A clash between the two most successful nations in Olympic women’s curling lived up to its billing on Day 6 at PyeongChang 2018, with Sweden emerging victorious over Canada.

The nerve-wracking 7-6 win in 11 ends for Sweden on Thursday morning (Canadian time) moves Team Homan’s record to 0-2 in round robin play, following an 8-6 loss to South Korea to open the competition. Both countries have won a pair of gold medals in the past, with Jennifer Jones’s rink defeating Margaretha Sigfridsson’s rink to claim the top prize at Sochi 2014.

But that was then, and this is now. For the team of Rachel Homan, Emma Miskew, Joanne Courtney and Lisa Weagle, there remains plenty of work yet to do to reach the PyeongChang podium.

Team Canada’s Team Homan in the Curling qualifiers at PyeongChang 2018, Wednesday, February 14, 2018. (COC Photo by Stephen Hosier)

The Swedish team, skipped by Anna Hasselborg, plunked a couple of stones in the middle of the house in the first end, and Homan was powerless to remove them. Sweden stole two points for an early lead.

Canada couldn’t set themselves up for multiple points in the second, so they decided to blank the end. The patience was rewarded in the third, when Homan threw two great shots to collect a pair of points for her own team.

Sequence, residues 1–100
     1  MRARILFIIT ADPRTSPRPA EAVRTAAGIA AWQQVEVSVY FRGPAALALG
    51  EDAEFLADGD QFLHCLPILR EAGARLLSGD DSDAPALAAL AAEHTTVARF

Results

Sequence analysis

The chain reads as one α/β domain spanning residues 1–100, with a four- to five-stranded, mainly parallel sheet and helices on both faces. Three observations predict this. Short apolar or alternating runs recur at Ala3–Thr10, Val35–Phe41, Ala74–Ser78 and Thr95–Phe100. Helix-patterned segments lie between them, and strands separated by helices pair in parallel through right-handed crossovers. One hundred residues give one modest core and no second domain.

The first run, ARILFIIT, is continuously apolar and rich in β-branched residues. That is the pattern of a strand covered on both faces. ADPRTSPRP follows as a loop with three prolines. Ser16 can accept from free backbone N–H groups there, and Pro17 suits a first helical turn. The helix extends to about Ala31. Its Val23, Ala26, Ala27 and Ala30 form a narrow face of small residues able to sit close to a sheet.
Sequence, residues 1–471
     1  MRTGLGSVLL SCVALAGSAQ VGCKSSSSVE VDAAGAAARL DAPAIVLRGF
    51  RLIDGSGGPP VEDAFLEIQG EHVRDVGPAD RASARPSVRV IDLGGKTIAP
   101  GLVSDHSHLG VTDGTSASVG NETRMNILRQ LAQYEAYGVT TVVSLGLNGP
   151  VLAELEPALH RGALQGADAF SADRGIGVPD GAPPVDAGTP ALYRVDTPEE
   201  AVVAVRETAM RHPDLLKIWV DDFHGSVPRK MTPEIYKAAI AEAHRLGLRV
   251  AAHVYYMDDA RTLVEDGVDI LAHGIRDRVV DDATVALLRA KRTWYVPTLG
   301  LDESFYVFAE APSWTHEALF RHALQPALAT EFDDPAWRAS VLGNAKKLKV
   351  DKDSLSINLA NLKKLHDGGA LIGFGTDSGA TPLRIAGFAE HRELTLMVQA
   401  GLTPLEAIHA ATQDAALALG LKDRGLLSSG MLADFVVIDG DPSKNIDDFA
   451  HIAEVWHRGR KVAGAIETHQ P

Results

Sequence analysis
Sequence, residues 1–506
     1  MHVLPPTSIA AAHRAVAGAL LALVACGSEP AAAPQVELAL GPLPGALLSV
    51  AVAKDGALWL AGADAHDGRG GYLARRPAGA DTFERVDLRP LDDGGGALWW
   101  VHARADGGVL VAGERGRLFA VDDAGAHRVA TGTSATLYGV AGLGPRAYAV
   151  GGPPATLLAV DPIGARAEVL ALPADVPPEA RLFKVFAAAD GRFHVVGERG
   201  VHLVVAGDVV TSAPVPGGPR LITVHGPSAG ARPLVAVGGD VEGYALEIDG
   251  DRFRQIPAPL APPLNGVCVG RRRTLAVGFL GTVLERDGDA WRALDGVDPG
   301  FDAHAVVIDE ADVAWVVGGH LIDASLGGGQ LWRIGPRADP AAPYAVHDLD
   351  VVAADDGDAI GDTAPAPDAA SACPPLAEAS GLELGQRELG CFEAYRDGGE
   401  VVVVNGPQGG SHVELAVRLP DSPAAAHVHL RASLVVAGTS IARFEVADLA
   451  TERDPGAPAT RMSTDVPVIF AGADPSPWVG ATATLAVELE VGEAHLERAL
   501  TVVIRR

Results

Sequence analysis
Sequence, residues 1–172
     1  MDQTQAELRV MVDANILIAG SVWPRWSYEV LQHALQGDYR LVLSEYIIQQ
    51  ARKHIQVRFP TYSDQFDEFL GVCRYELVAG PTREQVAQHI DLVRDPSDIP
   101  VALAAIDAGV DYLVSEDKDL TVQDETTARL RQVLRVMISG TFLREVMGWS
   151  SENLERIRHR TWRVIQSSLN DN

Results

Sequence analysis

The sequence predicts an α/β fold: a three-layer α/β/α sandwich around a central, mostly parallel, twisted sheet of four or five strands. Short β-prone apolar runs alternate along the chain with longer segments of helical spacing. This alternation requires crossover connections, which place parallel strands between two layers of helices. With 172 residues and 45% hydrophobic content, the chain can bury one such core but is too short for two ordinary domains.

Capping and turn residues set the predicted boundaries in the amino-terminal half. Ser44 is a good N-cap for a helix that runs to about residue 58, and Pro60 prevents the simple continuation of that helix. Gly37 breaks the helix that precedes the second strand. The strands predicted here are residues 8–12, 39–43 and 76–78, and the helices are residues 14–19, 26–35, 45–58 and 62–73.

The Canadians effectively held Sweden to a single point in the fourth, regaining the hammer for the fifth. But more good Swedish shot making forced Homan to draw to the four-foot for a single, knotting the score at 3-3 at the midway point.

Sweden turned up the pressure in the sixth end, adding another deuce to open up a 5-3 lead. With the hammer in seven, Team Homan contemplated a tricky double takeout that could have potentially evened the score, but instead opted for a safer hit-and-stay for one.

Team Canada’s Team Homan in the Curling qualifiers at PyeongChang 2018, Wednesday, February 14, 2018. (COC Photo by Stephen Hosier)

Sweden took the opposite approach in the eighth end, trying to score big when a more straightforward option was available. But Hasselborg, unflappable to that point, failed to make the shot, opening the door for a Canadian steal of one.

Hasselborg succeeded with a big runback to score one in the ninth, leaving Homan with the hammer in the 10th. But some precise defensive work by the Swedes held Canada to one, sending the game to an extra end.

With everything on the line in the 11th, Hasselborg calmly drew to the four-foot for the victory.

Up next for the Canadian women is Denmark, at 12:05 a.m. ET Friday (9:05 p.m. PT Thursday). A few hours later, the men’s team skipped by Kevin Koe will also be back at it, competing against South Korea (6:05 a.m. ET/3:05 a.m. PT Friday).